The ill-treatment of many women in Islam is well-known, but receives little exposure in a climate overly concerned with political correctness. The plight of the female in the name of religion includes (but is not limited to) arranged marriage, genital mutilation, being forced to cover-up with head scarves and child marriage, yet Morrissey merely having an opinion is seen as extreme? It is surprising that not more people share the same concerns that Morrissey does.

    Of course it seems obvious to many that Morrissey's big draw to the party stems from the fact that they are hugely active within animal rights, but one of the other main tenets of For Britain is the mistreatment of women due to religion. If this isn't an issue to be raised and analysed in 2019 (even if one doesn't agree with all policies of the party) then something must be going very wrong. Morrissey was ready for this conversation a long time ago – why does everyone else appear frightened to discuss it?


    5/ Never Sell-Out: The Cost of Morals

    A veteran in the music industry since the early 80s, Morrissey remains a creative force to be reckoned with to this day. In most ways, he has been – and continues to be – an artist like no other. His constant refusal to pander to the press and the music industry in general is a rarity amongst artists of his calibre. Many years ago, Morrissey said he would never attend the Brit Awards, which is an unheard of rebellion for any artist, and he has spent his entire career unsettling the status quo, rather than courting the media.

    Whilst most public figures rely on these institutions (media, journalists and award ceremonies) to survive, Morrissey has frankly spun around and driven the other way. He simply doesn't believe in it. Ever the contrarian, it seems Morrissey does not want to be there simply as a “people pleaser.” He instead wants to be bold and have something worthy to say: if he merely wanted to please the press, he would not have produced the body of work he has today, for it would be lacking the truth and insight to which all of his output is heavily flavoured by.

    Morrissey has become the remarkable figure he has because of his determination to walk the hard road - the rewards for him are much greater and more gratifying when he is true to himself. It's a concept we are only just beginning to appreciate in society – sticking to our guns, not selling out on our beliefs and morals, despite the hardships that may come with it, or the missed, quick-gained glories afforded by cheap compromise.

    Morrissey's new single, "It's Over" is scheduled for release in the second week of November on the label BMG.
    http://www.music-news.com/news/UK/125374/Read


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Comments

Discussion in 'General Discussion' started by Amonymous, Oct 12, 2019.

    1. Mozmar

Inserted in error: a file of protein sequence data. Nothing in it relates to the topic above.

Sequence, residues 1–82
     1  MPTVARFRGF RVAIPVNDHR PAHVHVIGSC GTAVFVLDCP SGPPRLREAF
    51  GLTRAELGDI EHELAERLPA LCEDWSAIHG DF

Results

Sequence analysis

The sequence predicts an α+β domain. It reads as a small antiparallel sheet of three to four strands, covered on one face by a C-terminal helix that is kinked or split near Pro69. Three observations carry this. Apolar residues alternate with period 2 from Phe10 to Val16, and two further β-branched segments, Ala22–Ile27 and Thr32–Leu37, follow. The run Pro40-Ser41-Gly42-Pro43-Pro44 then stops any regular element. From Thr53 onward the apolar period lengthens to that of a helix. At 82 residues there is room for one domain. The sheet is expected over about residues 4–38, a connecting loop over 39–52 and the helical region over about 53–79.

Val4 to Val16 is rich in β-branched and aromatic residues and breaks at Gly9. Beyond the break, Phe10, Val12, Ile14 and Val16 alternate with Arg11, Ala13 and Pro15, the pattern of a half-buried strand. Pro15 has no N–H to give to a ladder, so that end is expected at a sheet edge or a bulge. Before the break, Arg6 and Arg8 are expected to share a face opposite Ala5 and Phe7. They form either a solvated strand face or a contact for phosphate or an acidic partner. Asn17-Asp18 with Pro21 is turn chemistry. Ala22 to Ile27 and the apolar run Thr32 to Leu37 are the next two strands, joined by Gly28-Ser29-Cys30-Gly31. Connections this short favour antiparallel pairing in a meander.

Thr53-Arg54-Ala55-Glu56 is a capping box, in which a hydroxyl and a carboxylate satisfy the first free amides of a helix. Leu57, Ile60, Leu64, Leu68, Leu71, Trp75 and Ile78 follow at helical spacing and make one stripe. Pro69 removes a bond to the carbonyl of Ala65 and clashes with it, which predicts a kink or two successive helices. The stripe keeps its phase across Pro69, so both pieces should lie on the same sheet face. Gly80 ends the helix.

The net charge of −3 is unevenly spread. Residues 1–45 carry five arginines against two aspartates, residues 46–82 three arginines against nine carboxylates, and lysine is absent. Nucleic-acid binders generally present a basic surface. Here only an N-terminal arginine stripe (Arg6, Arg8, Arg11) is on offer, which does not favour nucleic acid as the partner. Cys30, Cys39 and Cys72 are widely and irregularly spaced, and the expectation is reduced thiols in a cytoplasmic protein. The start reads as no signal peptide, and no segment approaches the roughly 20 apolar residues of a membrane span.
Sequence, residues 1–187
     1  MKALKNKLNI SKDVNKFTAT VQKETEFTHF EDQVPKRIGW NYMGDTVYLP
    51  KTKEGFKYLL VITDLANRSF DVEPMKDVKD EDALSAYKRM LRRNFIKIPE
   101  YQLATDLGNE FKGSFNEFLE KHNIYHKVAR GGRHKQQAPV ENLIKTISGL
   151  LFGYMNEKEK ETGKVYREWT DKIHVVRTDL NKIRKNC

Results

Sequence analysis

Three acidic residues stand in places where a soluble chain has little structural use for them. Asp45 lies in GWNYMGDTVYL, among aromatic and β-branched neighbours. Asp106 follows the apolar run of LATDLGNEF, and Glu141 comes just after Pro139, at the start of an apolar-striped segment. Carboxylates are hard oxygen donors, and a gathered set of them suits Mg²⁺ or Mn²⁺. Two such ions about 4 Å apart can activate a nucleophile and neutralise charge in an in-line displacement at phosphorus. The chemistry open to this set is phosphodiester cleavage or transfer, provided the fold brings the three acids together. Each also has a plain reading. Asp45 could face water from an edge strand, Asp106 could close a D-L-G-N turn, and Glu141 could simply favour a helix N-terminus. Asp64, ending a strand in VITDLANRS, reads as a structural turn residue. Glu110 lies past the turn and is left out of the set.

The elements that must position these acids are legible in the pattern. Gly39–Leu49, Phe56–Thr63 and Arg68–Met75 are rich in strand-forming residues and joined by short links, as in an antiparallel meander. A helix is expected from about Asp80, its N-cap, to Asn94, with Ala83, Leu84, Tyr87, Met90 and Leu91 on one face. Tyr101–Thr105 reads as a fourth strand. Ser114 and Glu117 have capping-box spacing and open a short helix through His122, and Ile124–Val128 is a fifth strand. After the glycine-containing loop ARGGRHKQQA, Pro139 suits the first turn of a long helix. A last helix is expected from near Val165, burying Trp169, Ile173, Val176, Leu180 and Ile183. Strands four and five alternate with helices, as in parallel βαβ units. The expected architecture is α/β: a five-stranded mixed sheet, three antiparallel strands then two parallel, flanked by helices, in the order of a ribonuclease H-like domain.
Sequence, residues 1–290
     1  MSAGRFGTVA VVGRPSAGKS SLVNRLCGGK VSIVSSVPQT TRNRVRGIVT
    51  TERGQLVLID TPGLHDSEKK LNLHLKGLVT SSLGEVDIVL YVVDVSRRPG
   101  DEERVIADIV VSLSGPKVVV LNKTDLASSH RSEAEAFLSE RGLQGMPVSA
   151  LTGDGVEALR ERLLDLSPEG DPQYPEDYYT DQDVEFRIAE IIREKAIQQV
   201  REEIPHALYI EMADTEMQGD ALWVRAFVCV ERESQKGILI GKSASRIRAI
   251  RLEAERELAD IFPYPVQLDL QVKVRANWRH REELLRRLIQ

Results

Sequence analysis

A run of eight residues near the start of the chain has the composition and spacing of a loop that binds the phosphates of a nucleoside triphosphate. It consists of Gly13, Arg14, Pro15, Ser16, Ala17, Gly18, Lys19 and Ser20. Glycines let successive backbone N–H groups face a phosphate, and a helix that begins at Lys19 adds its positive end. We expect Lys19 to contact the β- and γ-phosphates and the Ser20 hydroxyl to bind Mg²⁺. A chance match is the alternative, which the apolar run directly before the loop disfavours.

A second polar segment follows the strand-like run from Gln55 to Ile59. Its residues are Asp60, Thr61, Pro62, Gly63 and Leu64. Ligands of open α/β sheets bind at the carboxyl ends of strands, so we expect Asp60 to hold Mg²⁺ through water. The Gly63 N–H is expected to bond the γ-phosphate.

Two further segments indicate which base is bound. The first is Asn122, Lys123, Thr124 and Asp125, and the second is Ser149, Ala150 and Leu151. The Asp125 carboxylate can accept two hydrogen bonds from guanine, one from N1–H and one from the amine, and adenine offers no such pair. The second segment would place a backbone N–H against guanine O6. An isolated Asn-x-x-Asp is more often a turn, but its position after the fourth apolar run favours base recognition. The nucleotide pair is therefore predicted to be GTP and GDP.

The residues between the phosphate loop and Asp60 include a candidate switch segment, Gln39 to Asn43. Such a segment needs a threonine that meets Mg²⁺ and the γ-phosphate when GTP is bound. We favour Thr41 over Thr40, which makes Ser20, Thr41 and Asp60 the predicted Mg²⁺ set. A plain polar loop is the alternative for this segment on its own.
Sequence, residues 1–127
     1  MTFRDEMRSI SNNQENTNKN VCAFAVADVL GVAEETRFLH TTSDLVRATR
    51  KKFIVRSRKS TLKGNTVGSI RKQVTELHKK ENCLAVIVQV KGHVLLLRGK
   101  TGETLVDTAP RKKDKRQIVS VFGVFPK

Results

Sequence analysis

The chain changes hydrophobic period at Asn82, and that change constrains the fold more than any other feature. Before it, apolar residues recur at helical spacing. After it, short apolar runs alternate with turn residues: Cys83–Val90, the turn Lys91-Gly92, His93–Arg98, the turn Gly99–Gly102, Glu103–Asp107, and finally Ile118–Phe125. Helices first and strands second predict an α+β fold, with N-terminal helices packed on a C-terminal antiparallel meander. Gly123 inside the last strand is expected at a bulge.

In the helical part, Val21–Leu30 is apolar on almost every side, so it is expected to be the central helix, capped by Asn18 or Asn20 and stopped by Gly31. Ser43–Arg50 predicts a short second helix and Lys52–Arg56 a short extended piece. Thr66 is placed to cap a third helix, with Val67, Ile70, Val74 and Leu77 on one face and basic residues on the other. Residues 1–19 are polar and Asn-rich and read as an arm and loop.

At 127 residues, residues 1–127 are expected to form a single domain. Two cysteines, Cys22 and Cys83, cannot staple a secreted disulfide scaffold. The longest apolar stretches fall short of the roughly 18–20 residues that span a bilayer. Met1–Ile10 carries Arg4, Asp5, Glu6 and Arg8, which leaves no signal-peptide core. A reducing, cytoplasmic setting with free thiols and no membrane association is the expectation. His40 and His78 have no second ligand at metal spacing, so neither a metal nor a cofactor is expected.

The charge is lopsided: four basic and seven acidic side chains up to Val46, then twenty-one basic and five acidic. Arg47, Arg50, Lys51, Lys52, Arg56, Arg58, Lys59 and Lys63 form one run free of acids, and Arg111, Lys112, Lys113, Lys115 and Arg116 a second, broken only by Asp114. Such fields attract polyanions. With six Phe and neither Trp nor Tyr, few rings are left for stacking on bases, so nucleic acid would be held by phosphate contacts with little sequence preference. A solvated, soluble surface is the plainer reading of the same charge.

Mozmar
      Prescient; I always thought that of Moz.
      • Like Like x 1
    2. gordyboy9
      gordyboy9
      a member since yesterday,this will be another one with big ideas.
      • Funny Funny x 3
      • Insightful Insightful x 2
      • Like Like x 1
    3. Mozmar
      Mozmar
      Just another foot soldier at 'camp-Skinny'.
      Ignore, I have already.
    4. Mozmar
      Mozmar
      Yep, the knob in question is out and about right now marking up everything as 'troll'. Crack on.
      • Funny Funny x 4
      • Troll Troll x 1
    5. Anonymous
      Anonymous
      I am on his side
    6. Anonymous
      Anonymous
      That is sad
    7. Suedestomp
      Suedestomp
      Great read. Can't agree more.
    8. KingKongLeer
      KingKongLeer

      "Societies" is adjectivizing "idea". Hence, there's no need for the apostrophe and s here.

      In my opinion.
    9. countthree
      countthree
      Great article.
      • Like Like x 2
      • Troll Troll x 1
    10. Anonymous
      Anonymous
      You couldn’t be more wrong. The lovely thing about grammar is it’s right or wrong. Keep your bot opinions to yourself.
      • Like Like x 2
    11. Anonymous
      Anonymous
      Dodwell is Morrissey’s current useful idiot isn’t she? He goes through them with constant regularity, dropping them once they’ve served their purpose. Enjoy the attention, it won’t last.
      • Like Like x 1
      • Insightful Insightful x 1
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    12. Hovis Lesley
      Hovis Lesley
      ‘Dick’ doesn’t even cover it. He lacks in every department. His Morrissey ‘collection’ amounted to a handful of early-nineties purchases. The creature has simply seen Morrissey’s recent high profile as an opportunity for an identity. My mother would call him a parasite. She’s kind like that.
      • Insightful Insightful x 1
      • Troll Troll x 1
    13. Hovis Lesley
      Hovis Lesley
      In his world, leaving his shitty fingerprint everywhere amounts to making a mark.
      • Troll Troll x 1
    14. NealCassidy
      NealCassidy
      If it bizarrely referred to the idea of multiple societies then still an apostrophe at the end
      • Like Like x 1
    15. Peppermint
      Peppermint
      Adjectivizing 'idea'? Be honest, you made that up. :lbf: An apostrophe is needed to denote possession or letters omitted.

      Societies = plural of society.
      Society's = that which is belonging to society - the apostrophe denotes POSSESSION.
      Hence: Society's idea = the idea belonging to society (of male bravado).

      There you have it: Fiona Dodwell does not even know how to spell and punctuate.
      • Like Like x 2
    16. The Truth
      The Truth
      I don't think this Fiona Dodwell person exists. That's the real story here. Morrissey probably dictates these articles while he's sitting in the bath drinking champagne.
      • Like Like x 2
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    17. Anonymous
      Anonymous
      What if there are multiple societies (1 society + 1 society + 1 society) all having members (of said societies)..then are they not, given the plural nature, societys' members?
      • Like Like x 1
      • Redundant Redundant x 1
    18. Anonymous
      Anonymous
      Sorry but that's just utter shite...& wtf is 'adjectivizing'?

      Is that one of your president's new words, or one of the new US bastardisation buzzwords which the weak 'woke', in the UK, are about to start using?

      King Kong? More like King Dong!

      Beam me up, Scotty FFS
    19. Peppermint
      Peppermint
      Societies' members. Plural of society + possession apostrophe.
      • Like Like x 1
    20. Anonymous
      Anonymous
      Correct answer